Red blood cell study could help in anti-malaria fight

Scientists in Singapore have discovered new information about how red blood cells change as they age, and the discovery could lead to new ways to fight malaria infections.

Red blood cells are essentially pouches filled with haemoglobin, a protein which carries oxygen to the rest of the body.

In order to reach every cell in the body, the red blood cells must be able to squeeze through blood vessels, or capillaries, half their diameter or thinner.

But the blood cells are constantly exposed to toxic molecules while they carry out their work, which causes them to be damaged and eventually die.

Researchers from the Singapore University of Technology and Design and the Singapore-MIT Alliance for Research and Technology studied how the red blood cell's structure changes by sucking single cells into a small glass tube and applying pressure, which mimics the damage they sustain in the human body.

They discovered that, over time, the damage causes the cell's membrane to stiffen. Its internal scaffolding, also called the cytoskeleton, becomes compressed.

The cell then becomes less flexible and unable to move through the network of capillaries, making it unable to circulate oxygen.

But the scientists, whose laboratories focus partly on malaria infection, also discovered that this skeletal compression works against the malaria parasite.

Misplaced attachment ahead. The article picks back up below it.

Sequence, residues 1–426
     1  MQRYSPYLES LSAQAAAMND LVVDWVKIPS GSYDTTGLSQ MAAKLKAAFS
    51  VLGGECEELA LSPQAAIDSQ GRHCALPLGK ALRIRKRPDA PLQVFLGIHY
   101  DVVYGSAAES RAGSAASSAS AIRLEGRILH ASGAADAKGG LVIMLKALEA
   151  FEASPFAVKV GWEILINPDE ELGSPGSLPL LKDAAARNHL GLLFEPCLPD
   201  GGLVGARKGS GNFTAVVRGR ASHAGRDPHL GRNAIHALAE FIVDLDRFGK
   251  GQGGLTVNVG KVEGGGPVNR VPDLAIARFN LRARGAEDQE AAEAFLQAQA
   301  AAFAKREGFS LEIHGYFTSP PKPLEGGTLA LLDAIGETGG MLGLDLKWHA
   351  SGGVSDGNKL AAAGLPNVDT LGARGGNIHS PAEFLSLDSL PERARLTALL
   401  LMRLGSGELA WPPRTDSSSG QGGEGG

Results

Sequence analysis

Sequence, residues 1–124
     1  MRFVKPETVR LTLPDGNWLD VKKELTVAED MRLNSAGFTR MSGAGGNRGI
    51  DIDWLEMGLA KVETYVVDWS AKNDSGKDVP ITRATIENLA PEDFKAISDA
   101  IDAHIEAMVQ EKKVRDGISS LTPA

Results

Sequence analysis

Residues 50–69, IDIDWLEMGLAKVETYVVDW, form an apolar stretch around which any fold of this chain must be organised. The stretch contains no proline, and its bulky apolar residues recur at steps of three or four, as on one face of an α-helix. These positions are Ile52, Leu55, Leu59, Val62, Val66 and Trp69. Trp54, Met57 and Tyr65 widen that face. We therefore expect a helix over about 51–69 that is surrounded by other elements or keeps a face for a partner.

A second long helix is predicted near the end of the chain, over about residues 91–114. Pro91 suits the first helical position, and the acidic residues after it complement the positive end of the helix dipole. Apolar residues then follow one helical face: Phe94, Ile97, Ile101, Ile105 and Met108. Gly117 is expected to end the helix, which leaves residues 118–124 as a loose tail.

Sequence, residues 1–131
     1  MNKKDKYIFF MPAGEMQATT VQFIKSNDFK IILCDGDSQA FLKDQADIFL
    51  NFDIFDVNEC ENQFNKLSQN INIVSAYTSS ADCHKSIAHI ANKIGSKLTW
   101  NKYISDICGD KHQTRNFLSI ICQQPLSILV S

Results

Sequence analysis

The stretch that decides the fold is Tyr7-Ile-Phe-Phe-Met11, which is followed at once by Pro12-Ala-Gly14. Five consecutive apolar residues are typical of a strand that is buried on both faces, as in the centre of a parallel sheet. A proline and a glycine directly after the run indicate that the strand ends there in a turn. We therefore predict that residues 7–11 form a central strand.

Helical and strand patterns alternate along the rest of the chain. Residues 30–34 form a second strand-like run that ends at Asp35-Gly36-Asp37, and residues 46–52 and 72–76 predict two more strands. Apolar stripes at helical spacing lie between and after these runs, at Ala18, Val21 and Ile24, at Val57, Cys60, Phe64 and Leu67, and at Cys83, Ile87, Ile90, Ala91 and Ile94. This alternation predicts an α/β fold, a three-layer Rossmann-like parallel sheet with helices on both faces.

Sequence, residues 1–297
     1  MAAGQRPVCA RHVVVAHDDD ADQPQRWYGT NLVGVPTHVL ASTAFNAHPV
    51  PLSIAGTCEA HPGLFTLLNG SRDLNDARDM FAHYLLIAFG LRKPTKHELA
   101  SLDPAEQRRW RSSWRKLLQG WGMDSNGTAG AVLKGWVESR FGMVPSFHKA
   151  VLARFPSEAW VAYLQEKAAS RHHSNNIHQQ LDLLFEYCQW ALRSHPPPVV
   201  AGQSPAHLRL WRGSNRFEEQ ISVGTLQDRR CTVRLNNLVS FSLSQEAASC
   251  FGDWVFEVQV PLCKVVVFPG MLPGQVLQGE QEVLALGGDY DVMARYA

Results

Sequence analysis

Assistant professor Rajesh Chandramohanadas explained: "The malaria has to make a hole in the red blood cell's membrane to get into the cell to infect it.

"When the red blood cell becomes stiffer and the skeleton is clumped together, the parasite cannot make these holes."

He noted that this information improves researchers' understanding of malaria infection, as old cells in blood are often not infected by malaria.

The team now plans to study how this new information could be explored for developing new ways to fight malaria.

The team's work was published last month in the journal Scientific Reports, which is part of the prestigious Nature Publishing Group.

Malaria is responsible for almost one million deaths each year globally, most of them young children.


This article was first published on June 8, 2015.
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